SCIENCE OF SALES
How retailers trap us to overspend
It’s the sale season again. Stores are getting rid of winter stock and the big red four-letter word – SALE – is there for all to see. Every shop is selling its wares for lower prices, and who can resist? In the frenzy for a good deal, consumers appear to be blind to reality. Take the case last year, when a retailer was caught out and exposed for a sale price that was actually more than the original price. Yes, retailers do that, and more, to attract us to their stores. Another of the tricks they use is stressing the limited duration – if you don’t buy at the sale, you’ll miss out! The phrases “one day only”, “limited stock” and “while stocks last” are all used to pressurise us to spend.
Social psychologist Robert Cialdini says retail sales are about mind games. “Retailers use phrases like ‘Buy one, get one free’ or ‘Buy three and only pay for two’ to make you believe that you’ll be missing out on a bargain if you don’t spend at a sale.”
Michiel Hejimans, a marketing consultant and the chief operating officer at Yoast, a search-engine optimisation firm in the Netherlands, agrees, saying words carry a lot of influence. “For instance, the sentence ‘Get x off’ emphasises achieving a gain, while ‘Save x off’ emphasises avoiding loss. Research has found that such wording motivates you to buy more, even if other products that you buy are not actually on sale.”
Do you ever ask yourself why the word SALE is almost always in big, bold letters? And, have you noticed how often it’s displayed in white or red? Experts say certain colours draw you in more than others. This influences you on a conscious and subconscious level, creating an impression that colour alone affects as much as 62% of consumers.
Research by psychology professor Andrew Elliot, published in the American journal Emotion, shows that “people react faster and more forcefully to red as it enhances physical reactions and is programmed into our psyche as a cue for danger. Blue emotes feelings of trust and dependability, which is why it’s used in logos of many businesses like financial institutions. Retailers use this information to grab customers’ attention and cue them to take action and purchase.”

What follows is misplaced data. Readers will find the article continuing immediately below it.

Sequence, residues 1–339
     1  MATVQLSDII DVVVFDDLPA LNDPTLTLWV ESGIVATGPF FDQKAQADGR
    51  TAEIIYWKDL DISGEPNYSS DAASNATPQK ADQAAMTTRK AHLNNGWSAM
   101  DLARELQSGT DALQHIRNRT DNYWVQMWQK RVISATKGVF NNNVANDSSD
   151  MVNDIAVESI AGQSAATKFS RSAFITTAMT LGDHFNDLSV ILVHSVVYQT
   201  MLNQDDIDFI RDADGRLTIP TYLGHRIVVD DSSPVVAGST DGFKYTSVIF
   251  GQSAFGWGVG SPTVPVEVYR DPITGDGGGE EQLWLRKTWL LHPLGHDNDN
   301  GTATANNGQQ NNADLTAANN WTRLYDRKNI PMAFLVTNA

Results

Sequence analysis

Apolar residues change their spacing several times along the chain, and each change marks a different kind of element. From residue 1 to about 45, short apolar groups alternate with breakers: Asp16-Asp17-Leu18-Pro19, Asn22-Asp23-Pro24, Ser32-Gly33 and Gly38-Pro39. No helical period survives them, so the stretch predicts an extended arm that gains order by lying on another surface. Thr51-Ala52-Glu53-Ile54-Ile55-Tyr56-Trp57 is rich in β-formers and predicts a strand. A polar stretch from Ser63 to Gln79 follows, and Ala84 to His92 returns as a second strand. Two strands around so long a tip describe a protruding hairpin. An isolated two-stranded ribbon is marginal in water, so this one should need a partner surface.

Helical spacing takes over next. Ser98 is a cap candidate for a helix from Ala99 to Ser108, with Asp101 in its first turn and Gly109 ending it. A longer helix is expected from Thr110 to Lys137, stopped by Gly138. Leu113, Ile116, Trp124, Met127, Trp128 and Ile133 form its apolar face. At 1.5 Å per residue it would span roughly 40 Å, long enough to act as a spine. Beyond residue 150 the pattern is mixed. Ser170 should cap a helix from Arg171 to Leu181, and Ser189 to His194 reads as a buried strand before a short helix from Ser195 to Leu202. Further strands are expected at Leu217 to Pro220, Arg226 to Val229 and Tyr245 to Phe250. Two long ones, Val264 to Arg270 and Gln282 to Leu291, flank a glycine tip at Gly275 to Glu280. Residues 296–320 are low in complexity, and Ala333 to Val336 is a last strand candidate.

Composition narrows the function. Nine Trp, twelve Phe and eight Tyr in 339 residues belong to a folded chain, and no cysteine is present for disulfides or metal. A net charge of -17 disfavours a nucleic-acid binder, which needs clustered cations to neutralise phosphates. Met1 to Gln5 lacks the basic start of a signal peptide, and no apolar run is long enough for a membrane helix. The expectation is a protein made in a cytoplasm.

Another interesting fact from this research is that ads in colour are read up to 42% more often than the same ads in black and white.
Another study found that 52% of shoppers don’t return to a store because of its aesthetics and the overall environment. So, product placement and the store’s design play a part in one’s buying experience. This is the reason why some stores change their layout during sale seasons. Professor Ayesha BevanDye, from North-West University in Pochefstroom, says stores use this to their advantage. “The advent of streaming services such as ShowMax, Netflix and DStv Catch-up, along with the increasing uptake of DStv Explora, lets people fast-forward past adverts to access content without having to watch the ads. As a result, marketers are doing product placements as a way of reaching their target audience. While critics argue that the covert nature of product placements is a form of subliminal manipulation of consumers and thus, unethical, others say it’s simply part of marketing.”
There’ s a science behind why we buy on sale. Nedbank senior behavioural economist Amy Underwood explains: “A study by behavioural economists 20 years ago focused on utility, which is an economist’s term for happiness. There’s transactional utility and acquisition utility. Acquisition utility is the happiness you get when you have bought the item and transactional utility is the feeling you get when you believe you’ve saved money. You feel happy because you got a good deal.”
Underwood says: “A good deal is measured by when there’s a gap between what we think the value of the item should be, and the actual price. Sales are seen as effective when we feel like we’ve saved money. We derive happiness from the structure of the trade.” She says retailers know what constitutes a good deal for us, so they link “high value” and “low cost” to get us to buy. “It’s the utility – we feel we’re getting this item of high value at a low price. The greater we think the value of something is, the more we tend to enjoy it.”
Image consultant Tracy Gold agrees that sales can be a trap, but adds that you can actually save on a sale when you buy items you really need. “There’s no point in getting into the sale frenzy over something you won’t need. If you want to buy something on sale that you’ve been eyeing because you think it’s great, then go for that item rather than wander aimlessly up and down every aisle.”
Odetta Sekoko, financial advisor at Liberty, agrees that sales can lead to overspending. “Buying something just because it’s on sale is a problem because this does not necessarily mean an item is affordable. If it still doesn’t fit within your budget, buying it at a sale price is an expense you shouldn’t have incurred. Rather spend time thinking about what you really want, and then hunt for bargains. Another disadvantage on a sales is that this can trigger impulsive buying, leading to you buy more items that you don’t need – and certainly won’t have budgeted for.”
Gold says when you buy an item you wanted but couldn’t afford before, that should be regarded as a bargain buy. “At a sale, aim to get high-end designer items or investment pieces that will last you longer.”